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A fairly common criticism of the hypothesis-testing approach to statistics is that the null hypothesis will always be false, if you have a big enough sample size. In the chicken-feet example, critics would argue that if you had an infinite sample size, it is impossible that male chickens would have *exactly* the same average foot size as female chickens. Therefore, since you know before doing the experiment that the null hypothesis is false, there's no point in testing it.

This criticism only applies to two-tailed tests, where the null hypothesis is "Things are exactly the same" and the alternative is "Things are different." Presumably these critics think it would be okay to do a one-tailed test with a null hypothesis like "Foot length of male chickens is the same as, or less than, that of females," because the null hypothesis that male chickens have smaller feet than females could be true. So if you're worried about this issue, you could think of a two-tailed test, where the null hypothesis is that things are the same, as shorthand for doing two one-tailed tests. A significant rejection of the null hypothesis in a two-tailed test would then be the equivalent of rejecting one of the two one-tailed null hypotheses.

For our problem, we need to create a test that will determine whether or not Brand A paper towel will absorb more water than Brand B paper towel. Our experiment consisted of measuring water, folding a paper towel, dipping it into water, noting how much water it had absorbed and then repeating the process with the other brand of paper towel.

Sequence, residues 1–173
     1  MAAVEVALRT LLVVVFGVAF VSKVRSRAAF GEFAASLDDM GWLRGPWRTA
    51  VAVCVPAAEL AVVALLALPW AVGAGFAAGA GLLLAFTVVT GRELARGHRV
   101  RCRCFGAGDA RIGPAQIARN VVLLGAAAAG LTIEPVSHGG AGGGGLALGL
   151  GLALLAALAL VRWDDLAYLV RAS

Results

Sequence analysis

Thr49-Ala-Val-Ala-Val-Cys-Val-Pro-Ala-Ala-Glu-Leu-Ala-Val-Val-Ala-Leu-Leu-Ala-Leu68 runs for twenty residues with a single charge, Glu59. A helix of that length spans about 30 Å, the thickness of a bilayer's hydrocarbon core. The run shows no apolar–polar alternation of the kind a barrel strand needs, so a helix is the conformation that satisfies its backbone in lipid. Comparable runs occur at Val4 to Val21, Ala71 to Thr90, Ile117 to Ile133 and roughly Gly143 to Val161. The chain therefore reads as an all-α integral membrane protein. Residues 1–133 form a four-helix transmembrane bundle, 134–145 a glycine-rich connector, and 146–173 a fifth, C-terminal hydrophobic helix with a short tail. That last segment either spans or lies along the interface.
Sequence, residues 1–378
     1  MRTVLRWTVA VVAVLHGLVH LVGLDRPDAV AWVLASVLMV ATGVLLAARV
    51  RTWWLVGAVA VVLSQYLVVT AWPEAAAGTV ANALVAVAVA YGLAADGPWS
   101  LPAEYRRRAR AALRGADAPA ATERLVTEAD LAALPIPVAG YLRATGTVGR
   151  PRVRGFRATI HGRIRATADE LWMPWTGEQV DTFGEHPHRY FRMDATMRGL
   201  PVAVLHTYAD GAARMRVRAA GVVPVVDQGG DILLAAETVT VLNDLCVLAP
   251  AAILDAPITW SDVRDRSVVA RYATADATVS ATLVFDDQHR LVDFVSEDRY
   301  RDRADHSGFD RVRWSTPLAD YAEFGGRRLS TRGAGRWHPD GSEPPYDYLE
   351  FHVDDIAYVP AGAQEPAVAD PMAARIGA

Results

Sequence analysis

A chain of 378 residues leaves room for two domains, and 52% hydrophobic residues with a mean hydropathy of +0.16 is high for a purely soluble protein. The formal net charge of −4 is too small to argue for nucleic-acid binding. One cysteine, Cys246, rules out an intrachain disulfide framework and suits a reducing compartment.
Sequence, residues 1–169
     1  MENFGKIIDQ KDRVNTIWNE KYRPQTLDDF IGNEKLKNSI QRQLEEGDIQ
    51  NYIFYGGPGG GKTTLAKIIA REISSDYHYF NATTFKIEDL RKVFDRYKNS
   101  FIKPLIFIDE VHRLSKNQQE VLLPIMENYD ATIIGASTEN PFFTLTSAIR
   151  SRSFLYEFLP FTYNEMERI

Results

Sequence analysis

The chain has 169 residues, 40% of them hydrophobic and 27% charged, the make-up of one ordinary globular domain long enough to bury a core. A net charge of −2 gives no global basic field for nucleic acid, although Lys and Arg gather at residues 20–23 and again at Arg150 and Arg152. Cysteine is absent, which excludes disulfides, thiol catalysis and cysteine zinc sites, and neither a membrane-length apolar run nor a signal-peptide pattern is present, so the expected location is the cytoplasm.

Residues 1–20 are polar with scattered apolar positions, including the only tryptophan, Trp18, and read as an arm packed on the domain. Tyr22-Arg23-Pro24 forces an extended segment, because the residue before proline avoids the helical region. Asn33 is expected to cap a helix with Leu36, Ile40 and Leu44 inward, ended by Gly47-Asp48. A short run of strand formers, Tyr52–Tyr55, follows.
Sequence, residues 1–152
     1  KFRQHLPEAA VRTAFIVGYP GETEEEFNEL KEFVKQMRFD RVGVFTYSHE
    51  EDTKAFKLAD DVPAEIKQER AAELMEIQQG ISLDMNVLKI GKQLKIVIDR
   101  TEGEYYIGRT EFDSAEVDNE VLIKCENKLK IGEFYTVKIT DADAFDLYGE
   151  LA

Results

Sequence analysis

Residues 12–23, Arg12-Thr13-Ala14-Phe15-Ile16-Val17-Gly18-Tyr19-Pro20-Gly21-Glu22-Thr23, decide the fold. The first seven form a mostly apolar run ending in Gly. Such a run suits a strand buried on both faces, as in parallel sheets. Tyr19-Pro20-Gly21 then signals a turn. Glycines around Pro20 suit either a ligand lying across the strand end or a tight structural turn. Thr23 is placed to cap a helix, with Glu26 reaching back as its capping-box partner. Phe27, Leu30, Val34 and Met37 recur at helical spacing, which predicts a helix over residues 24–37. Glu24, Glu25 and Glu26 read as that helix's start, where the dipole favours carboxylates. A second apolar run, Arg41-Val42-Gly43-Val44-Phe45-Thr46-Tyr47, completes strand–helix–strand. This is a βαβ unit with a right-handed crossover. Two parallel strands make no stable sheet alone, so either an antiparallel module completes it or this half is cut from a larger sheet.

involves the careful construction of two statements: the null hypothesis and the alternative hypothesis. These hypotheses can look very similar, but are actually different.

In a mathematical formulation of the null hypothesis there will typically be an equal sign. This hypothesis is denoted by *H*_{0}.

Does a probability of 0.030 mean that you should reject the null hypothesis, and conclude that chocolate really caused a change in the sex ratio? The convention in most biological research is to use a significance level of 0.05. This means that if the *P* value is less than 0.05, you reject the null hypothesis; if *P* is greater than or equal to 0.05, you don't reject the null hypothesis. There is nothing mathematically magic about 0.05, it was chosen rather arbitrarily during the early days of statistics; people could have agreed upon 0.04, or 0.025, or 0.071 as the conventional significance level.

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Another way your data can fool you is when you don't reject the null hypothesis, even though it's not true. If the true proportion of female chicks is 51%, the null hypothesis of a 50% proportion is not true, but you're unlikely to get a significant difference from the null hypothesis unless you have a huge sample size. Failing to reject the null hypothesis, even though it's not true, is a "false negative" or "Type II error." This is why we never say that our data shows the null hypothesis to be true; all we can say is that we haven't rejected the null hypothesis.